Sealegs competitor runs aground in copyright case

Orion system installed on Stryda Marine boat fails on sea trials

Sealegs has won a massive copyright case against a competitor formed by ex-Sealegs staff.

NBR reports on the substance of the case: Quote:

A High Court judge has found Sealegs International had its copyright infringed by Orion Marine, Smuggler Marine and various other people associated with the rival business.

In ruling in favour of Sealegs, Justice Paul Davison found its former employees, Darren Leybourne and Vladan Zubcic, had appropriated the core of the Sealegs system when they set out to create an amphibious system for Orion after leaving Sealegs.

Sealegs had already won an interim injunction restraining engineering firm Orion, as well as boatbuilder Smuggler Marine, producer of a vessel using the Orion system, from marketing the rival system. It will now be able to seek damages or an account of profits from Orion.

Sealegs’ amphibious system features retractable legs, which enable boats to be driven over land and into and out of water. It was created by Maurice Bryham in 2000 and has since achieved commercial success, Thursday?s court judgment says.

Orion was created in 2012 to compete with Sealegs, by Mr Leybourne and another defendant, Yun Zhang. Mr Zhang had been a homestay student with Mr Leybourne?s family when he was a student and later discussed with Mr Leybourne setting up the company and moving to New Zealand on an entrepreneur’s visa. He told the court he had permanent residency from 2017.

Mr Leybourne said he had received the judgment only last night and would take some time to consider it with his legal advisers before deciding whether to appeal.

“It’s obviously not what we expected,” he said.

Sealegs has since been renamed Future Mobility Solutions. Its chief financial officer David McKee Wright, former chief executive of Sealegs, was not immediately available for comment. End quote.

So, some ex-employees walked out the door, got a guy to fund them and ripped off the designs of the systems. Now they’ve lost the case and copped massive damages and costs against them. Quote:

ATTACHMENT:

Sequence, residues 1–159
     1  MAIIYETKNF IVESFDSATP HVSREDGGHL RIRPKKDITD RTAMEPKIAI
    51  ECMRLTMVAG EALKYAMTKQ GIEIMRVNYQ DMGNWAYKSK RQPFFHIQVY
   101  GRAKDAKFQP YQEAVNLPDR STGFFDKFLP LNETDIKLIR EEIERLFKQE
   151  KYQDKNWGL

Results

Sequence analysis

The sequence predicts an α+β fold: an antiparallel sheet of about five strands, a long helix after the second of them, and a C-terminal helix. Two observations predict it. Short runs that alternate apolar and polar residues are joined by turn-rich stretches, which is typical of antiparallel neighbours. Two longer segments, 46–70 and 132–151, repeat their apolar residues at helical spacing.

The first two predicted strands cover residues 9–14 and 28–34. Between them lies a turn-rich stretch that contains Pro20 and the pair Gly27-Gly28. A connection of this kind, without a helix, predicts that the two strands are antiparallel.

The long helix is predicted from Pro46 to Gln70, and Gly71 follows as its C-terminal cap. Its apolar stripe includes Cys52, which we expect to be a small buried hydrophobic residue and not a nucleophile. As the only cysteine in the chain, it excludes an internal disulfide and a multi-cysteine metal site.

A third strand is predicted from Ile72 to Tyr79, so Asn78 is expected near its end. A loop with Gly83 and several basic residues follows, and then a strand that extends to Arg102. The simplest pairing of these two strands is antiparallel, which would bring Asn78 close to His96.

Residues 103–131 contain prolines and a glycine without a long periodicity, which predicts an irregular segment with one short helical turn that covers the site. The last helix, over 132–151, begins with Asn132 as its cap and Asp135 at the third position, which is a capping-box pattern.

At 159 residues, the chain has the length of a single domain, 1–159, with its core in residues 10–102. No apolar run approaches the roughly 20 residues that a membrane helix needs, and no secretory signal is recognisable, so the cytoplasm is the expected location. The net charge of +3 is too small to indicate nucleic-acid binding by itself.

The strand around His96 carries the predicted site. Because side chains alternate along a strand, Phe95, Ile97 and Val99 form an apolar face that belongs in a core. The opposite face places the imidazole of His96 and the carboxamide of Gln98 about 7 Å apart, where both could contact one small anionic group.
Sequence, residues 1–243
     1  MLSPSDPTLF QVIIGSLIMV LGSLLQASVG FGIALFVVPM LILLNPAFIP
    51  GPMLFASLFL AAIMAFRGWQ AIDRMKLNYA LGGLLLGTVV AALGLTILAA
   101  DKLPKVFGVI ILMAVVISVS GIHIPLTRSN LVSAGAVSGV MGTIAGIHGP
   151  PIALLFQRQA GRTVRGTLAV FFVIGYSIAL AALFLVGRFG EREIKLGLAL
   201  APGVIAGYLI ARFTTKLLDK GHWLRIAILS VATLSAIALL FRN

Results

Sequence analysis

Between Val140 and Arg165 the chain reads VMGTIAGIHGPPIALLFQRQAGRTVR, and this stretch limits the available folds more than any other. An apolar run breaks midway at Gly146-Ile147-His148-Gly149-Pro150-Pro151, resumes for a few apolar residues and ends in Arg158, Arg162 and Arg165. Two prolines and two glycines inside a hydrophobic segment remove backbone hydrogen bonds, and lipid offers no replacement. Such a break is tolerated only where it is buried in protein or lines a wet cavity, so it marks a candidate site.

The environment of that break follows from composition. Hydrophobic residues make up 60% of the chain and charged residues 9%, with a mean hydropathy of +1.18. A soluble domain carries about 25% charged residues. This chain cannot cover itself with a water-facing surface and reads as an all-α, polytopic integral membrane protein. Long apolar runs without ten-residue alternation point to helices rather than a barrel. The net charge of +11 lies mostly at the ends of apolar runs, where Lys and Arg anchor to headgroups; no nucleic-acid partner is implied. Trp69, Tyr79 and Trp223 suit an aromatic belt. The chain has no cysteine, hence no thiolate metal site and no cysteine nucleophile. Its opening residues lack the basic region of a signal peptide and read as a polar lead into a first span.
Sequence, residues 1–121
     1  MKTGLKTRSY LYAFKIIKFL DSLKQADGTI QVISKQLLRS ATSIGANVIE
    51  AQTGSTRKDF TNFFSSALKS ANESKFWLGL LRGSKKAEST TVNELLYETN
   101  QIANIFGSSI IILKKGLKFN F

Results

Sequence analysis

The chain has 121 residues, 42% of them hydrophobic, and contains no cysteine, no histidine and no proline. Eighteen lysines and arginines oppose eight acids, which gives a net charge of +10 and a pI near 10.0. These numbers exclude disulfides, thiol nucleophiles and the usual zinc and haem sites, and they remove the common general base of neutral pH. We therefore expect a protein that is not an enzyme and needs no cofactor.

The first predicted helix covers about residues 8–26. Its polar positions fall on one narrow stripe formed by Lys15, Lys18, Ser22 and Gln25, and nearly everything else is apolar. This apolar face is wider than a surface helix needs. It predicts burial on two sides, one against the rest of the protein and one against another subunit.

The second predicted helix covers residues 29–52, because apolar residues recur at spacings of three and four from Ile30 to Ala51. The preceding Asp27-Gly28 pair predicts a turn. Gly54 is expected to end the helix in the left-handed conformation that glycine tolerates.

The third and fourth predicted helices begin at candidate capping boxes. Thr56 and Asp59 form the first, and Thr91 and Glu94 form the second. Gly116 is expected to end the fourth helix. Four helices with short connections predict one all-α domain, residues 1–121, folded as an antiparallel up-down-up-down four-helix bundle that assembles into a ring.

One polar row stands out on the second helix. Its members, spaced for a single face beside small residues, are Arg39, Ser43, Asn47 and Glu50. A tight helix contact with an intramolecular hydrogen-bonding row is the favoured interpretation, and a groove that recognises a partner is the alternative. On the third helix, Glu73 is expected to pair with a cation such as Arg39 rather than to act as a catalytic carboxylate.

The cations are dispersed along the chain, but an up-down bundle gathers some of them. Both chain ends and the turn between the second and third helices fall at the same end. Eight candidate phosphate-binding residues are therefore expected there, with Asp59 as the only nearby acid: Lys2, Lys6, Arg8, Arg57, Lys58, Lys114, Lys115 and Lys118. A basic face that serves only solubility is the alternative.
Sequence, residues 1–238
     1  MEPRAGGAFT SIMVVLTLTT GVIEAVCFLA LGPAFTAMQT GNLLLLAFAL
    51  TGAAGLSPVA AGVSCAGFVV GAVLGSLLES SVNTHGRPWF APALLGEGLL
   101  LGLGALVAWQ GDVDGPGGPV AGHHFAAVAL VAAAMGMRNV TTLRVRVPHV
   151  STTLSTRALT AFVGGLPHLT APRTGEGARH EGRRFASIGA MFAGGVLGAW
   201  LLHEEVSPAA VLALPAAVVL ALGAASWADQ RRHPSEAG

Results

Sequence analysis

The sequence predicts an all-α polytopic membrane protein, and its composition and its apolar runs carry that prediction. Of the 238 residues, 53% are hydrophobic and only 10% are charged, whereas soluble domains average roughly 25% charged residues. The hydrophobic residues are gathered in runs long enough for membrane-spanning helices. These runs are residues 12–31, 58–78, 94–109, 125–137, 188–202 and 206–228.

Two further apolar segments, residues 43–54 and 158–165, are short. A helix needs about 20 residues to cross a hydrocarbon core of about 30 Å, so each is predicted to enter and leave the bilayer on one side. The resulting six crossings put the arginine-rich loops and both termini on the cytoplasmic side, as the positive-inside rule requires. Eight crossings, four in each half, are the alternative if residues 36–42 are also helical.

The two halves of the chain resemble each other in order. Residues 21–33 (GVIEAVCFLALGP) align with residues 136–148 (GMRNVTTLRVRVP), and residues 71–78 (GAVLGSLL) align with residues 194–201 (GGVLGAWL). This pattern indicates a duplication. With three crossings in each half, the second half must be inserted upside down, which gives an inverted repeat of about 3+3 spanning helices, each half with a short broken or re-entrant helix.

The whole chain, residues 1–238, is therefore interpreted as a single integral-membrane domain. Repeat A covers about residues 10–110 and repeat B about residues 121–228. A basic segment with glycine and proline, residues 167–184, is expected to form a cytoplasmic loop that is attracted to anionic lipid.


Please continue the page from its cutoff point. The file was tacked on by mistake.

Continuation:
In its claim Sealegs said Orion?s design infringed copyright because it used a three-wheeled system similar to its one.

Justice Davison found that, while that some parts of Orion?s design were different, they were mostly ?design details? and did not involve changes or substantial difference to the Sealegs design.

?I regret to say I found the evidence of Mr Leybourne, Mr Zhang and Mr Zubcic lacking in credibility as regards their explanation of the development of the Orion design and their claim that they did not found the Orion design on the Sealegs pattern.?

?Mr Leybourne?s and Mr Zhang?s account of the origins of the Orion business and just when they decided to go into business manufacturing amphibious systems lacks cogency and is in my view implausible.?

He says Mr Leybourne had become critical of Sealegs? senior management and he had acquired a detailed knowledge of its system and its functioning and noted that the defendants did know about Sealeg?s patent but were more focused on that than any copyright.

The judge made an order that Orion can?t sell any of its infringing system and arrangements have been made to determine damages. Sealegs also sought an order that Orion produces all of its infringing products so that they may be destroyed but that request is subject to another hearing.

Future Mobility Systems said in its most recent annual report that it had spent $1.02m on the litigation for the year to March 31, 2018. Shares traded at 13c this morning, having slipped 19% over the past year. The company said in a statement it was pleased with the outcome.?End quote.

What will be interesting falling out of all this are the immigration implications for Mr Zhang, who used his investment into the now stolen designs to obtain his residency status.

The designs stolen and then modified certainly don’t appear to work as well as the Sealegs system as Whaleoil has obtained exclusive pictures of a failed sea trial where a boat using the Orion system ended up on its side on a rather gentle slope sandy beach.

Orion system installed on Stryda Marine boat fails on sea trials

So, their designs don’t work and neither did their legal arguments. A failure all round.


CIV-2016-404-2256 Sealegs v Zhang & Ors Substantive Judgment by Cam Slater on Scribd